Larry Redican’s slip jig

By Larry Redican

Also known as Larry Redican’s, Larry Redican’s Slip, Paddy O’Snap, Redican’s, Watch Your Step.

There are 11 recordings of this tune.
This tune has been recorded together with

Larry Redican’s appears in 1 other tune collection.

Larry Redican’s has been added to 5 tune sets.

Larry Redican’s has been added to 26 tunebooks.

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Three settings

Sheet Music12
Sheet Music
Sheet Music
Sheet Music12
Sheet Music
Sheet Music12
Sheet Music12
Sheet Music12

Twenty comments

Transcribed off Music at the House, Brendan Bulger, Marty Fahey, and Kathleen Gavin -- it’s a lovely thing, extremely well wrought, and I might never have noticed it if not for Jeff Lindblade getting all fascinated with it while I visited Chicago early this week. Thanks, Jeff, I love it. Especially the way the B elides into a certain mood and back out again.

From the notes: Lough Key is a Larry Redican composition. Larry Redican (1908-1975), a great composer and fiddler - and uncle of Nancy Harling’s - was born and raised in Dublin and emigrated to New York. He was a member of the famed New York Ceili Band of the early 1960’s and a member of an All -Ireland Senior Championship Trio with Galway native, Jack Coen (flute) and the late Paddy O‘Brien (box). this tune was published (Treoir, 1970) along with the description that it was amongst a group of tunes presented to Paddy O’Brien during his return visit to New York at that time.

BTW, if you like great liner notes, take a gander at the notes for Music at the House. Great stuff.

On a quick peruse, I don’t think it is, Mark. But I’ve written Brendan to ask him if he has info on it.

Read 08:46 AET ta Zeens…

Well, go look at the other tune, silly. 🙂

Argh, so near and yet so far! Well, it’s a start.

Blimey that was a quick reply from Brendan wasn’t it?

Almost right after I wrote him. Just good timing, I’d guess, especially since he said that he was about to embark on an especially busy weekend in one hour. 🙂

The album isn’t being made anymore, and a google search doesn’t even bring up a track listing. I haven’t got the album but every site I look at says it’s influential. Maybe it’s worth posting a discussion later if no-one sheds light.

Yeah, I couldn’t find anything either. Worth trying to find someone with a copy, maybe on the discussions board?

Yes, I’m quite interested in finding out more about it.

This tune is also in Bill Black’s book where it’s in G. He calls it Larry Redican’s and gives Jimmy Keane of Chicago as the source.

It’s interesting that I’ve also seen the Redican reel Culfadda in both G and F.

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Well, that makes sense given that Marty and Brendan live in Chicago, edl.

Worth a listen

A gorgeous version of this on the album “The Big Squeeze: Masters Of The Celtic Accordion” mistakenly links to a ‘Larry Redican’s hornpipe’. Check it out on youtube under ’larry redican’s

Another Recording

Also can be found as “Lough Key” in track 6 on the “Forgotten Gems” CD released in 2013 by Peter Carberry and Pádraig McGovern.

Who was Larry Redican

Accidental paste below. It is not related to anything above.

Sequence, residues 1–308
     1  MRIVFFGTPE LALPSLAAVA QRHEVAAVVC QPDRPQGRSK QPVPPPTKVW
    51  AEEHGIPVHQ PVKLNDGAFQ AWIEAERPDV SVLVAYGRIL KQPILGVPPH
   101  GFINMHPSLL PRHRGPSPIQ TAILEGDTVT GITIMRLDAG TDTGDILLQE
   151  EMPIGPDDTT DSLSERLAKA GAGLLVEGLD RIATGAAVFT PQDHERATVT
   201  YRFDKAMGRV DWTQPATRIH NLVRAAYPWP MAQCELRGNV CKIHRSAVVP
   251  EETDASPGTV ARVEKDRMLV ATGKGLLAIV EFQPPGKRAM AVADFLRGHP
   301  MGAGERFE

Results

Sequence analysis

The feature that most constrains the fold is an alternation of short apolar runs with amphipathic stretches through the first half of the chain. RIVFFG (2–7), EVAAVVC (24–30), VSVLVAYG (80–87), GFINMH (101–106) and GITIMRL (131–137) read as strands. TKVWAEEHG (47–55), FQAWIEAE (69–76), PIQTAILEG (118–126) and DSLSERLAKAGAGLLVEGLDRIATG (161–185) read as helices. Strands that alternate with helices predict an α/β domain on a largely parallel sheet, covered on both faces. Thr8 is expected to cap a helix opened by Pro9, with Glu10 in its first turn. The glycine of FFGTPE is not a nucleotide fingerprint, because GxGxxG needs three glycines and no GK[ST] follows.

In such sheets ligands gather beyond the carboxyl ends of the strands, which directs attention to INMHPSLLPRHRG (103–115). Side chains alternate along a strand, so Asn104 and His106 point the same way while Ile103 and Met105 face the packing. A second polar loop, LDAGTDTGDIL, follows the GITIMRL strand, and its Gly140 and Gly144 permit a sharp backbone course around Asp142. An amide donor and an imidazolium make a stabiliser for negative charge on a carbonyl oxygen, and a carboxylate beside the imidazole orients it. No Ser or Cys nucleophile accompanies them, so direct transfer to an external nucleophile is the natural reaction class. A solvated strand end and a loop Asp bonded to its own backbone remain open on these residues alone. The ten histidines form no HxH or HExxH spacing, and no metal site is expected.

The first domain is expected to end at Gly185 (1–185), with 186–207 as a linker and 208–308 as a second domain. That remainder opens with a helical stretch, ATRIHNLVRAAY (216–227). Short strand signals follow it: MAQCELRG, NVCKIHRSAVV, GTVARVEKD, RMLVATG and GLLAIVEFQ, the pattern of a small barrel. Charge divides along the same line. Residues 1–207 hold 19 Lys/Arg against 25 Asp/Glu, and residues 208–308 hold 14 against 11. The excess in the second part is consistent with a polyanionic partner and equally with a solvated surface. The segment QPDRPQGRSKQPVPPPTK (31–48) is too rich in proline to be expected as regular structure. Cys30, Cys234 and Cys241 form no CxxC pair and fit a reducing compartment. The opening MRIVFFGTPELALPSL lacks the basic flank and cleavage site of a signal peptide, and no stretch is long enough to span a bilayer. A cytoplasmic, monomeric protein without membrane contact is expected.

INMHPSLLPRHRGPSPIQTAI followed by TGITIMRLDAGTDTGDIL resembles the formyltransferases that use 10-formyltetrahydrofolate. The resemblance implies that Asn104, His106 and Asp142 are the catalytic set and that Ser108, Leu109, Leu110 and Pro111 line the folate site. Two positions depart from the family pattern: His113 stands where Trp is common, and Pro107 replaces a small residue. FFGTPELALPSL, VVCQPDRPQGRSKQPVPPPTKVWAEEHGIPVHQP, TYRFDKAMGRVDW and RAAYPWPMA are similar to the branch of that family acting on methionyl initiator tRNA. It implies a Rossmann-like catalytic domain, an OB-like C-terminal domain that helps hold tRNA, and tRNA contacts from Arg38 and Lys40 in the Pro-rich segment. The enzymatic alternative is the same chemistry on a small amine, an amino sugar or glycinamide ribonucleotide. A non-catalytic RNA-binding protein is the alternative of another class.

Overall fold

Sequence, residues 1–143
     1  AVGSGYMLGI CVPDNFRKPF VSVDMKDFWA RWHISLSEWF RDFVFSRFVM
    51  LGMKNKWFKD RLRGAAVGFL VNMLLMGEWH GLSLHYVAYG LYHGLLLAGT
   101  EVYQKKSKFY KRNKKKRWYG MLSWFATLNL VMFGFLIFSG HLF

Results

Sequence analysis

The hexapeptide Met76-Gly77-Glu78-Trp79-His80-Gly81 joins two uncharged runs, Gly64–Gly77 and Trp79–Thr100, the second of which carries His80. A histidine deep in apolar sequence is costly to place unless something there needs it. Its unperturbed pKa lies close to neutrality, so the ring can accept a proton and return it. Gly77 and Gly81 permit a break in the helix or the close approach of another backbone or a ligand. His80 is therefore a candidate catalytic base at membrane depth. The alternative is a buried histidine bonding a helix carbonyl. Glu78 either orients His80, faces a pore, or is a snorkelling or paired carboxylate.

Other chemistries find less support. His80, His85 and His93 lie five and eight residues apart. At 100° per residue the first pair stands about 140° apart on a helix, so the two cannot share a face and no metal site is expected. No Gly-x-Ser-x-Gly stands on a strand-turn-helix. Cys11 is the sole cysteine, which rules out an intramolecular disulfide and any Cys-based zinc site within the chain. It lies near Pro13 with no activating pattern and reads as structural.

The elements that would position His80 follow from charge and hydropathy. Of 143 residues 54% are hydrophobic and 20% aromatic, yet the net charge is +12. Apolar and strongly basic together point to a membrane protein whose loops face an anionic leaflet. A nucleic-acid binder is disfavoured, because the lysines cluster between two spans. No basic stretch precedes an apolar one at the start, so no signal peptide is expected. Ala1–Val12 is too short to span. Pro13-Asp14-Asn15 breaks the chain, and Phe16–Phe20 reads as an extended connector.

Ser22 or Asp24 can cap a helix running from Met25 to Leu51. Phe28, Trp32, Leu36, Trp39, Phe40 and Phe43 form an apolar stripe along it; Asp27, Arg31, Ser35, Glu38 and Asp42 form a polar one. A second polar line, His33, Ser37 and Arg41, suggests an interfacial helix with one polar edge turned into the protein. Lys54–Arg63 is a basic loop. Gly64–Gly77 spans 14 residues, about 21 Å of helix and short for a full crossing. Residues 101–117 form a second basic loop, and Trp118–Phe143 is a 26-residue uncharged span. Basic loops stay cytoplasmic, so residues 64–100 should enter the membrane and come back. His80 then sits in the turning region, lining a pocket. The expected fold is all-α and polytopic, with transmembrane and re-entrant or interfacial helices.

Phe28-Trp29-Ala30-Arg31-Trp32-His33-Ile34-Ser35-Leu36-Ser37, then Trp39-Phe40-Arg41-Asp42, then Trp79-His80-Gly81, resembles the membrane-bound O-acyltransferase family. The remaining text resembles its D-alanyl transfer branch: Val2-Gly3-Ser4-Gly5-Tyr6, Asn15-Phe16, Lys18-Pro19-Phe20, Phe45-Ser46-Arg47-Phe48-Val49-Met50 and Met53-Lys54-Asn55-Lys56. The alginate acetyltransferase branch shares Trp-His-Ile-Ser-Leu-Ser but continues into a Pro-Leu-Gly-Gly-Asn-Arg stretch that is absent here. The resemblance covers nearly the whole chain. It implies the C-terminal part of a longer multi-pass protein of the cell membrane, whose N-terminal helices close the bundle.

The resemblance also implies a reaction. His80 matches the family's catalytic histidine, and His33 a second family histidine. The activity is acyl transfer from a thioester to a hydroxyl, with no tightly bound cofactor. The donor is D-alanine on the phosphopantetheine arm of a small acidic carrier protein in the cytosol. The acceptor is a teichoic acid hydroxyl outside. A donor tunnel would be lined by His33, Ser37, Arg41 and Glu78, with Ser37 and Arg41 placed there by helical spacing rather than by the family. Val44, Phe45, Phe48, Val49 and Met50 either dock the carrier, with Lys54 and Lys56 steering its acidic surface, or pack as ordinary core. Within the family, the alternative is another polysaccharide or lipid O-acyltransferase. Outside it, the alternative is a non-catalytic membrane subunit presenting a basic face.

As a point of interest the 1911 Irish census has only one Redican family living in Dublin in 1911, so I assume this must be Larry Redican’s family. There is a Lawrence Redican recorded in this family who was 2 years old at the time, born in Dublin, with a father from Roscommon (Thomas Redican), so I am fairly certain this is him. No Redican of the right age was living in Roscommon during this census, and only three Redican’s whose name started with the ‘L’ were recorded in the whole of Ireland, the other two being from Roscommon but 25 and 59 years old respectively. Assuming the census is complete it would seem Tansey’s information is not correct.

Lough Key, X:2

As played at sessions here in Austin. Learned it off Clav Levit, who got it from Liz Carroll, who apparently called it Paddy O’Snap.

Watch Your Step

I learned this tune when I was living in Ireland, that is quite long time ago. I learned it from a cd. I’m afraid I don’t remember the name of the cd, the only thing I can remember is that it was a band that consisted of lots of children, playing all kind of instruments and all of them from the same town in Ireland.

I loved this tune straight away and I quickly included it in my repertoire. The reason being that it is a slip jig that goes really low, still the only one a I know of this kind so far. I never heard this tune in a session, I suppose this is one of those tunes that you keep to yourself and enjoy playing on your own at home. One of those that you will never forget and will always be with you.

I tried to find the tune many times, I wanted to know the name. I never heard it again anywhere and I couldn’t find it making searches in Tunepal (playing part of the tune, I usually find everything there in this way).

And one day I found the tune by pure chance. In a Youtube video. The tune is a Larry Redican composition. In the video is the composer himself who plays the tune. I can see that the tune is a bit different from the one I played for so many years and on top of it, the parts are the other way around.

But I decided I was not going to change my setting, and here you are the music score. Regarding the modes, I am not completely sure of the mode of the second part, I think it is in E Dorian, but there are no C# or F#, that means that the key signature of E Minor could be used as well.

This is the video of Larry Redican, the tune is the first one in the set: